Place:Horton (near Bradford), West Riding of Yorkshire, England

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NameHorton (near Bradford)
Alt namesHorton
Great Hortonsource: Family History Library Catalog
Little Hortonsource: Family History Library Catalog
TypeVillage, City district
Coordinates53.782°N 1.774°W
Located inWest Riding of Yorkshire, England     ( - 1974)
Also located inYorkshire, England    
West Yorkshire, England     (1974 - )
See alsoBradford, West Riding of Yorkshire, Englandcity of which it was a part until 1974
Bradford (metropolitan borough), West Yorkshire, Englandmetropolitan borough of which it has been a part since 1974
source: Family History Library Catalog


the following text is based on an article in Wikipedia

Horton Park is a public park in Bradford, England, located to the west of the city in Great Horton. It was opened on May 25, 1878 on land purchased by Bradford Council in 1873.

A Vision of Britain through Time provides the following description of Great and Little Horton from John Marius Wilson's Imperial Gazetteer of England and Wales of 1870-72:

"HORTON, a township, three chapelries, and a subdistrict, in the parish and district of Bradford, [West Riding of] Yorkshire. The township comprises the southwestern suburbs of Bradford; lies all within Bradford borough; extends 3 miles south-westward from the market place; is divided, for highway purposes, into the hamlets of Great Horton and Little Horton; and contains the villages of Lidget-Green and Scholes-Moor. Acres, 2,070. Real property, £82,971; of which £100 are in mines, and £150 in quarries. Pop. in 1851, 28,143; in 1861, 30,189. Houses, 6,391.
"The manor figured at Domesday as a berewick of the manor of Bradford; became afterwards a part of the estates of the Lacys, Earls of Lincoln; was given, in the time of Henry II., to Robert de Lacy, ancestor of the Horton family; passed afterwards through several families; and belongs now to Captain Rhys. Little Horton Hall was, for several centures, the residence of the distinguished family of Sharpe; belongs now to F. S. Powell, Esq.; and is an ancient mansion, with massive central tower and two wings. The woollen and cotton manufactures are extensively carried on; and a cattle fair is held at Great Horton on 5 Sept.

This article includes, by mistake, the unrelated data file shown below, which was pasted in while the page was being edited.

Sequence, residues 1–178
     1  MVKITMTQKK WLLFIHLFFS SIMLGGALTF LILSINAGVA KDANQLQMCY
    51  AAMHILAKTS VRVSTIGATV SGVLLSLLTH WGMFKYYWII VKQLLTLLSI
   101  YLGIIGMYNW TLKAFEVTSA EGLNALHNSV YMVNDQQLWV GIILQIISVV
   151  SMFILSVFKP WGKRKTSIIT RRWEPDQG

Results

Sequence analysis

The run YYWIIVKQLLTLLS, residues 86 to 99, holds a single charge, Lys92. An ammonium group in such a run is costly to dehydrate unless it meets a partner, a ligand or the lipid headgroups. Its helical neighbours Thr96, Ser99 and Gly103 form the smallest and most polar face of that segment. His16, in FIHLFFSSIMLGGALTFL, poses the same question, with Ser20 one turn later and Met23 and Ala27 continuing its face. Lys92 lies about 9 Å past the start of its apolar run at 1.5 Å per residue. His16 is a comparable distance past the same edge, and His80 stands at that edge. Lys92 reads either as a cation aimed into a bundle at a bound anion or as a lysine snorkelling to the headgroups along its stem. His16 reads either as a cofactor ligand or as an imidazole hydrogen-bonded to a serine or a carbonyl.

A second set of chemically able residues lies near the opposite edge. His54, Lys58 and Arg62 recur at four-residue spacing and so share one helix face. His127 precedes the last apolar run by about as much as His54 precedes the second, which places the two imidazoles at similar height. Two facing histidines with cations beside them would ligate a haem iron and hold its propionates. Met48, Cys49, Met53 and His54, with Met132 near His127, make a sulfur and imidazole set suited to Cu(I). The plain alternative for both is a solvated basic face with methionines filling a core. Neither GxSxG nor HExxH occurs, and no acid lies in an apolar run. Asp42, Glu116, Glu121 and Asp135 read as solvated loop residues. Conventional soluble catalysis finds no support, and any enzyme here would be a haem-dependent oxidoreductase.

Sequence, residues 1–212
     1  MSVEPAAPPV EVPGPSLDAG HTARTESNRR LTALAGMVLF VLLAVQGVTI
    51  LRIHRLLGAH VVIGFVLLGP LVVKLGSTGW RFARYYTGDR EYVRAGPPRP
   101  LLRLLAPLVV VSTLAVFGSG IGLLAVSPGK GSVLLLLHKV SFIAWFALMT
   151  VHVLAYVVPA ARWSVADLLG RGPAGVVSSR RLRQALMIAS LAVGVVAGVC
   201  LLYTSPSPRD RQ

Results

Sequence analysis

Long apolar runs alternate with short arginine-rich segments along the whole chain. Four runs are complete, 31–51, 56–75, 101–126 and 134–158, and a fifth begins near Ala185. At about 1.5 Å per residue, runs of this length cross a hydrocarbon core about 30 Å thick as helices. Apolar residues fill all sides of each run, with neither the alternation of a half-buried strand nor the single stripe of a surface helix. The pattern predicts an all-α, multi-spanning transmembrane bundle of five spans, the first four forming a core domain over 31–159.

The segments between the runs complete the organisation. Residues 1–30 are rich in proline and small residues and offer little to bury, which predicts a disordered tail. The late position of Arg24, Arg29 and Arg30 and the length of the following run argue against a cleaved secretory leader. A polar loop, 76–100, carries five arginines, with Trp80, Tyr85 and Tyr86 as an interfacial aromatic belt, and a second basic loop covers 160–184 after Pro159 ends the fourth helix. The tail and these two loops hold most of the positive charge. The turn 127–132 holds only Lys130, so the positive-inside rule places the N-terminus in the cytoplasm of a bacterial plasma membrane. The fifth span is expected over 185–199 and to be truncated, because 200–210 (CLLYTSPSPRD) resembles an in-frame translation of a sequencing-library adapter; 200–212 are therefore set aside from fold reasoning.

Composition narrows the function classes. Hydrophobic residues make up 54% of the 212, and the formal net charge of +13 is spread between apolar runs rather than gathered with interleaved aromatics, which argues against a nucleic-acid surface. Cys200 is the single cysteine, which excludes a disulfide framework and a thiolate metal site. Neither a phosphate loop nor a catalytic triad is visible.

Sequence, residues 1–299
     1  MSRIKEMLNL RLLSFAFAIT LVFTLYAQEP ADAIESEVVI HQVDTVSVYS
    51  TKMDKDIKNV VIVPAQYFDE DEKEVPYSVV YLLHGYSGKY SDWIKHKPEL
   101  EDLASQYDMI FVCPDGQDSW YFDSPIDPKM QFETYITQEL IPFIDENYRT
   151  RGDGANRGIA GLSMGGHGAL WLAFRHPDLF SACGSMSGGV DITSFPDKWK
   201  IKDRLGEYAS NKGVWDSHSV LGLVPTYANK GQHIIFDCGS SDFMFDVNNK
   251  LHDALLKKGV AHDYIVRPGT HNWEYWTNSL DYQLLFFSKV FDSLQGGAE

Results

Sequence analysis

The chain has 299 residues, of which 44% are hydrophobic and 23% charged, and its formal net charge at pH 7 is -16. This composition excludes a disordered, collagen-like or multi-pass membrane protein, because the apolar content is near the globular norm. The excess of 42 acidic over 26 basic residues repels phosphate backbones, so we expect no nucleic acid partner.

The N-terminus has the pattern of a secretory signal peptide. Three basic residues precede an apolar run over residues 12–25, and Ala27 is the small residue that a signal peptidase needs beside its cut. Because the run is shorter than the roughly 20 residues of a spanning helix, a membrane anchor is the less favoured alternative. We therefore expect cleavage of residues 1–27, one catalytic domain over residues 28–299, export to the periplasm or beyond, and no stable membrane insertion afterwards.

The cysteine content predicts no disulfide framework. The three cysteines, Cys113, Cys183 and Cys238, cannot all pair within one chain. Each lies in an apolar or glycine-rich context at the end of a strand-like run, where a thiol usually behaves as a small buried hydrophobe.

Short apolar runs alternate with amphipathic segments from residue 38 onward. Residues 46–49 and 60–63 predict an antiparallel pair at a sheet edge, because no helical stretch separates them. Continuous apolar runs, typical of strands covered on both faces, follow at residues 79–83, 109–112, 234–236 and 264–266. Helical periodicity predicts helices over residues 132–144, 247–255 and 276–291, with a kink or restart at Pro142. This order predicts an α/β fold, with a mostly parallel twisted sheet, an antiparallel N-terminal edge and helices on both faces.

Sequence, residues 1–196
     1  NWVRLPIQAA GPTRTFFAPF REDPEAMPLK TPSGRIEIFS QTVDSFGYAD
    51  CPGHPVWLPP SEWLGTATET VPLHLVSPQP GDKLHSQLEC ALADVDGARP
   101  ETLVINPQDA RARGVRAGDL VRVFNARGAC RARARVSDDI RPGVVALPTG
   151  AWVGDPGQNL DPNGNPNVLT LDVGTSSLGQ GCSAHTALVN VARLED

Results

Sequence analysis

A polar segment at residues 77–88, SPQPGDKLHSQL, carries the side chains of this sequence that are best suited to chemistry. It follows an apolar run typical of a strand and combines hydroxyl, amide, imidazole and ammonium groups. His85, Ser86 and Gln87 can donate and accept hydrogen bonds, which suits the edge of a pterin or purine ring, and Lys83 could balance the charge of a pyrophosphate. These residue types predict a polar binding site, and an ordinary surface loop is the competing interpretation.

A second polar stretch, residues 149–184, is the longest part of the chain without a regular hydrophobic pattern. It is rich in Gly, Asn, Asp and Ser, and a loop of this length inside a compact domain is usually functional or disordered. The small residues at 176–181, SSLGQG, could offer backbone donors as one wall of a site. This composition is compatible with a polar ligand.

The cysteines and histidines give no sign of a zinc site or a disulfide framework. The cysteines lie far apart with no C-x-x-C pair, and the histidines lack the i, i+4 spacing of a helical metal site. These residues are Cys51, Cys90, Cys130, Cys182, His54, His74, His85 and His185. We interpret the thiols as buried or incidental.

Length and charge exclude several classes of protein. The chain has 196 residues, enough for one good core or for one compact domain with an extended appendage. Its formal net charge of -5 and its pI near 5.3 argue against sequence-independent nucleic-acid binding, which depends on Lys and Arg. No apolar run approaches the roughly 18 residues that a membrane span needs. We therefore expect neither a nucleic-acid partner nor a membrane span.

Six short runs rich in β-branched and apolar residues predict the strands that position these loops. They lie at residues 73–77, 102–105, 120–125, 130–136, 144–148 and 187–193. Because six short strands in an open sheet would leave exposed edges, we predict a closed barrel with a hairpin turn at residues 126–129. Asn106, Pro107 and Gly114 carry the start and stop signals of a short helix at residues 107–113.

"The Bradford workhouse is here; and, at the census of 1861, had 355 inmates.
"The chapelries are Great Horton, Horton-All Saints, and Horton-St. James; and the last was constituted in 1842. The two first are p. curacies, the third a vicarage. Value of Great H., £330; * of H.All Saints, not reported; of H. ST. James, £250.* Patron of the first, the Vicar of Bradford; of the second, F. S. Powell, Esq.; of the third, J. Wood, Esq. The church of Great H. was built in 1807, as a chapel of ease, at a cost of £1, 200; and a new church, in room of it, was about to be built in 1866. The church of All Saints was completed in 1864, and is noticed in our article BRADFORD. There are several dissenting chapels, an endowed grammar school with £68 a year, another endowed school with £30, a mechanics' institute, and charities £60.—-The sub-district contains the townships of Horton and Manningham. Acres, 3,365. Pop., 43,078. Houses, 9,070.

Historically, Great and Little Horton were in the ecclesiastical parish of Bradford in the Morley division of the wapentake of Agbrigg and Morley.

Research Tips

  • GENUKI on Horton. The GENUKI page gives numerous references to local bodies providing genealogical assistance.
  • The FamilySearch wiki on the ecclesiastical parish of Bradford provides a list of useful resources for the local area.
  • A Vision of Britain through Time on Horton.
  • A Vision of Britain through Time also provides links to four maps of the West Riding, produced by the United Kingdom Ordnance Survey, illustrating the boundaries between the civil parishes and the rural districts at various dates. These maps all blow up to a scale that will illustrate small villages and large farms or estates.
  • Ordnance Survey West Riding 1888. The "Sanitary Districts (which preceded the rural districts) for the whole of the West Riding.
  • Ordnance Survey West Riding South 1900. The rural and urban districts, not long after their introduction. (the southern part of Bradford, the southern part of Leeds, the southern part of Tadcaster Rural District, the southern part of Selby, Goole Rural District, and all the divisions of Halifax, Huddersfield, Wakefield, Doncaster, Barnsley, Rotherham and Sheffield)
  • Ordnance Survey West Riding North 1900 The rural and urban districts, not long after their introduction. (rural districts of Sedbergh, Settle, Skipton, Pateley Bridge, Ripon, Knaresborough, Great Ouseburn, Clitheroe, Wharfedale, Wetherby, York, Bishopthorpe, Keighley, the northern part of Bradford, the northern part of Leeds, the northern part of Hunslet Urban District, the northern part of Tadcaster Rural District, the northern part of Selby Rural District)
  • Ordnance Survey West Riding 1944. The urban and rural districts of the whole of the West Riding after the revisions of 1935.
This page uses content from the English Wikipedia. The original content was at Horton Park, Bradford. The list of authors can be seen in the page history. As with WeRelate, the content of Wikipedia is available under the Creative Commons Attribution/Share-Alike License.